Blog Entry #6

November11

Article 1: VOICES: Inhumanity and the Moral Limit in Syria by Laura Boustani

Article 2: Syria: Mapping the conflict by BBC News

In the article by Boustani, she begins with giving background of the brutal childhood she had in Lebanon because of the war between Lebanon and Syria and the damage that was caused by the Syrian regime. She then moves on the talk about how the damage, degradation and destruction that Assad has done to his people is worse than what Lebanon had gone through. To put it in perspective, Boustani gives estimates of the dead and injured, stating that, “Syria’s numbers today are astounding: 130,000 dead (including thousands of children), more than 575,000 injured, nearly three million refugees outside Syria, nearly five million refugees displaced inside Syria; 43,000 Syrians detained and thousands suffering from starvation and lack of shelter. Then there are the latest revelations of Holocaust-like torture of thousands.” She adds that these numbers may not reflect destructions of entire villages and cities, where Syrians were tortured on day-to-day basis. The author states that she had expected so much more from the people of Syria after “atrocities” performed by the Assad regime. She acknowledges and admires traditional and social media which had made the world aware of the massacres. She pays thanks to aid workers and journalists who had been reporting the incidents of Syrian to not only Syrian people, but also the world. However, she states that the people of Syria and the world leaders need to do more, that they should be outraged by the “brutality” that’s been going on under Assad’s regime.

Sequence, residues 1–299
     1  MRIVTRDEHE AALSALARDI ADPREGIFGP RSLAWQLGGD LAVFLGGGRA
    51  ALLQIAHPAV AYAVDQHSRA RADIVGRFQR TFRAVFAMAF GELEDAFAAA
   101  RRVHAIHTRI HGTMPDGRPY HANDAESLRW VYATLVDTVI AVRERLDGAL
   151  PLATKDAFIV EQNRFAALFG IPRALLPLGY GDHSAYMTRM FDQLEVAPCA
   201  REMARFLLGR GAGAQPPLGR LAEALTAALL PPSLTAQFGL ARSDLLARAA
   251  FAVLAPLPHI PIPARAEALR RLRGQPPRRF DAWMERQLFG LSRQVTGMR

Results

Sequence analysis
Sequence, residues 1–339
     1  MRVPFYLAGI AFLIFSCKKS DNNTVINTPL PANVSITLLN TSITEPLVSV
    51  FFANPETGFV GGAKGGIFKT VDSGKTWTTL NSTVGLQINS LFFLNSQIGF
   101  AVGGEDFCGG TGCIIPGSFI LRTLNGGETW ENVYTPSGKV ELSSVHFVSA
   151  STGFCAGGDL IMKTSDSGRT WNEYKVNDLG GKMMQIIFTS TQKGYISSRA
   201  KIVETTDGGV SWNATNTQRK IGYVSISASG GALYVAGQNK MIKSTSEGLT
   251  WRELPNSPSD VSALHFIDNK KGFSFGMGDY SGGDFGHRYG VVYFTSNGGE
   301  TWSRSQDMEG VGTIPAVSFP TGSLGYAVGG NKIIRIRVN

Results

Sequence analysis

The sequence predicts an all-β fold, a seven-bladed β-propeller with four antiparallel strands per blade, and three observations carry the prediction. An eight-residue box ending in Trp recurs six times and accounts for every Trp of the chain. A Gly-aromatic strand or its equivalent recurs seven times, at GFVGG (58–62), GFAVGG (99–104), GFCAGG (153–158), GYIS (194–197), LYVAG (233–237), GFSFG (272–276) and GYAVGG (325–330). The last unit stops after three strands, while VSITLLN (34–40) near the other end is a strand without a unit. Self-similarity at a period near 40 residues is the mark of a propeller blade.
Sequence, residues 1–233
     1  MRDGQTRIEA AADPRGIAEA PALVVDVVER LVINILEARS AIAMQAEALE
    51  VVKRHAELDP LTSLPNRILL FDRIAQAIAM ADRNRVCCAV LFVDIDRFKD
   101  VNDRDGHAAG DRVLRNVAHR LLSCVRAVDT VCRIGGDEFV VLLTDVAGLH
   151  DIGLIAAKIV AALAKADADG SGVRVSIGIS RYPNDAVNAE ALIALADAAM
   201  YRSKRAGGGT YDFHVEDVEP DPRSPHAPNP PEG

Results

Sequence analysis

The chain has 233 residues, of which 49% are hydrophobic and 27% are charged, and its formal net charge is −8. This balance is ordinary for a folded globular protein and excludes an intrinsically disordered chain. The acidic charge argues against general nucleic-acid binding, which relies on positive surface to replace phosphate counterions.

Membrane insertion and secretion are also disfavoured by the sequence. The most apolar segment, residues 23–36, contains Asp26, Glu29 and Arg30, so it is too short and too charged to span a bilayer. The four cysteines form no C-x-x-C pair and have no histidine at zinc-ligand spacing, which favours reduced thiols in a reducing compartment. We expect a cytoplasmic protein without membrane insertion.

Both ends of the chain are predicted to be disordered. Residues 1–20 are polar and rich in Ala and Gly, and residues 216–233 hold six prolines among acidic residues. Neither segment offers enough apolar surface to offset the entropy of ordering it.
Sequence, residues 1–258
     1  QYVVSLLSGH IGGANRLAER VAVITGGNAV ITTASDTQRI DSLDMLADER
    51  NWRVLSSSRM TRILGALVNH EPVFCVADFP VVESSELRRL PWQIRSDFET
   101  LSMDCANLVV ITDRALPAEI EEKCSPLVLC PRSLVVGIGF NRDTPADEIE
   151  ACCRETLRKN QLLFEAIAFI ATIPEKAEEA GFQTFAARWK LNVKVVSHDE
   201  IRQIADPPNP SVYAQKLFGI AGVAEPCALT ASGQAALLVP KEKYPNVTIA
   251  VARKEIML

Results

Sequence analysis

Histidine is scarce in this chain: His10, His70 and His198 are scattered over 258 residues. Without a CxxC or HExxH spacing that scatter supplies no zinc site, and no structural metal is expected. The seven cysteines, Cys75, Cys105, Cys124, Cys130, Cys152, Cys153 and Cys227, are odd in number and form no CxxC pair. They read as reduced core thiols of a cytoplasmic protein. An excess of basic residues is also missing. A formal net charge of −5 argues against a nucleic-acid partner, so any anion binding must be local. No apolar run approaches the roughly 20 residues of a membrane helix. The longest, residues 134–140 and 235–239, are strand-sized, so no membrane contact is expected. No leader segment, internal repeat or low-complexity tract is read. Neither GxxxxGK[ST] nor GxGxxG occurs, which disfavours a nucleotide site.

Damaged buildings are seen in a bombed area of Homs Jan. 27, 2014. (Reuters)

In the second article, BBC News reports the timeline of Syria’s revolution. The article emphasizes how the territorial control in Syria has changed many times since the country’s uprising began more than three years ago. The article reports that IS jihadists are now in full control of the eastern region of Raqqa and hold significant swathes of territory in Aleppo to the north and Hassakeh and Deir al-Zour in the east. It goes on to talk about how US-led military operations targeted oil fields and military bases controlled by IS, in which oil refineries were believed to be producing “between 300-500 barrels of refined petroleum per day”, generating as much as $2m (£1.2m) per day for the militants, a key source of revenue. The article then goes into the beginning of Syrian revolution, talking about how millions of Syrians have been displaced from their homes, while still staying in the country. It reported about 3 millions Syrians fleeing the country to seek refugees in surrounding country such as Lebanon, Turkey, Iraq, and Egypt.

Map showing where Syrian refugees have fled

In conclusion, in the first article, Boustani had expressed very strong emotion against the Assad regime, seeming to wanting Syrian people and the world leaders to take a step toward “ending the holocaust” happening in Syria. She had much of a political liberalism point of view. She wanted everyone at the table to come and resolve this issue.

In the second article by BBC News, the article focused on the cause of the Syrian revolution and the effects of them on not only the Syrian people, but the other countries which became directly or indirectly became involved in it.

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